UN Resident Coordinator Mia Seppo’s Statement on the Launch of the Joint Response Plan 2021 for the Rohingya Humanitarian Crisis
This speech highlights focuses on providing life-saving assistance & services, including food & nutrition, healthcare etc. for the Rohingya Humanitarian Crisis.
Thank you for the opportunity to make a statement on behalf of the nine operational UN agencies working on the Rohingya response in Cox’s Bazar, UNHCR, IOM, WFP, UNICEF, UNFPA, UN Women, WHO, FAO and UNDP.
Since we launched the 2020 JRP in March last year, the world has been confronted with the COVID-19 pandemic. So too Bangladesh and the Rohingya settlements in Cox’s Bazar – some of the most densely populated places on earth.
In support of the Government’s COVID response, we took collective action to curb the spread of the virus by expanding COVID-19 health facilities, services, and testing, limiting the movement of humanitarian personnel to the camps and scaling back to critical activities only, while also supporting refugee men and women to respond to the needs of their own communities.
These efforts have so far been largely effective in reducing the worst of the projected impacts on Cox’s Bazar, though uncertainty remains and there is no room for complacency.
At the same time, we must recognize that scaling back to critical activities only has come at the cost to the quality of life of affected communities and a full response. We have not been able to rollout planned new activities like the Myanmar curriculum or expand skills building activities. Better coordination of development assistance for host communities, which is to offset the impact of hosting large numbers of refugees, is still needed.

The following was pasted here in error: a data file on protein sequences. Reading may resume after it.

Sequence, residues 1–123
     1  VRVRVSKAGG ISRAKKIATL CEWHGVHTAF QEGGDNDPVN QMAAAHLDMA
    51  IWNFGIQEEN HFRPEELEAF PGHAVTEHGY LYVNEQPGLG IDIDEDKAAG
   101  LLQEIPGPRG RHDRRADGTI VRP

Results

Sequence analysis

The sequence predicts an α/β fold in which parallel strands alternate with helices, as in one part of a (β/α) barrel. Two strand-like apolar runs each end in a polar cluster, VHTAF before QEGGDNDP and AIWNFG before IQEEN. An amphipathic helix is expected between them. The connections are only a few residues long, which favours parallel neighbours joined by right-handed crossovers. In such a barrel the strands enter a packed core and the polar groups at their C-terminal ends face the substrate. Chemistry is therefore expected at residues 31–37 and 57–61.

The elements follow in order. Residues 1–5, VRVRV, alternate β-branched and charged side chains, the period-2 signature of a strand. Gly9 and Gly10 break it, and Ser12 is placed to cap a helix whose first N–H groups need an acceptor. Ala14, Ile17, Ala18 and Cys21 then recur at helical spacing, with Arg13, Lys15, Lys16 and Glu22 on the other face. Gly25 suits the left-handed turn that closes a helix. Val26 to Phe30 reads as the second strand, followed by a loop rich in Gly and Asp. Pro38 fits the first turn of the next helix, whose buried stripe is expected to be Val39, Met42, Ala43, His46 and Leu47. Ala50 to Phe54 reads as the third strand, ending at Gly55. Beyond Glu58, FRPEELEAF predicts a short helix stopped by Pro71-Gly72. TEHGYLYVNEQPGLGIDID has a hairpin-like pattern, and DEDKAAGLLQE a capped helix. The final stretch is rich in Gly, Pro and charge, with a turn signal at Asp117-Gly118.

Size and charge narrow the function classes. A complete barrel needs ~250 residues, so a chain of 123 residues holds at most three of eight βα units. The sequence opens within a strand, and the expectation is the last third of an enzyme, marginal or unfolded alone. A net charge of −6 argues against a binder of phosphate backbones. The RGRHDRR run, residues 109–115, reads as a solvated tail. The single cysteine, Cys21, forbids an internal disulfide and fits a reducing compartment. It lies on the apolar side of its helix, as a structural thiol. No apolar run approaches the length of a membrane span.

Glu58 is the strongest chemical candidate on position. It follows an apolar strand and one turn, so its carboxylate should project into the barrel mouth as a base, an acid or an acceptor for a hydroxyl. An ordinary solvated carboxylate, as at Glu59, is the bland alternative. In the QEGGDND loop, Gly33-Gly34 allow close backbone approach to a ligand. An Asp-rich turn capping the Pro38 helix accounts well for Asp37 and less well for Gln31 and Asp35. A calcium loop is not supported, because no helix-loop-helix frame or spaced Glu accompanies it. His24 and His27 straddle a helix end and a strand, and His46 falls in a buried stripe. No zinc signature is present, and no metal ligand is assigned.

When the situation allows, we plan to quickly scale up these critical activities. This will be particularly important for the almost half a million children – many of whom have been seriously impacted by ongoing COVID-19 restrictions – to have productive ways to spend their time by offering them learning opportunities and in preparing them for return.
The 2021 JRP is the result of a consultative process, ably led by the Inter-Sector Coordination Group in Cox’s Bazar, involving all stakeholders: affected communities, the UN and NGOs, local authorities, and development partners.
There have also been extensive consultations on the JRP with the Government, particularly the Ministry of Foreign Affairs [and I thank the State Minister for his valuable remarks and once again his participation at the Launch]. These consultations have helped us streamline the 2021 JRP, which we hope will provide a template for future versions and make it a more easily accessible tool.
We recognize that the process of formulating the JRP can be further improved and we will have a discussion with the various constituencies in advance of the formulation of the 2022 JRP.
Allow me to make four brief observations about the content of the 2021 Plan.
First, the JRP retains a significant focus – some two thirds of the total amount targeted – on providing life-saving assistance and services, including food and nutrition, healthcare, shelter, water and sanitation.
Let me be clear: support for these activities in Cox’s Bazar remains absolutely critical in 2021, particularly given refugees are still largely dependent on humanitarian assistance; not permitted to leave the camps or work; and, as others around the world, affected by the ongoing impacts of COVID-19.
Second, the JRP 2020, as High Commissioner Grandi has already noted, also continues to be guided by a protection framework, which recognizes the need for a clear focus on targeted protection issues and activities.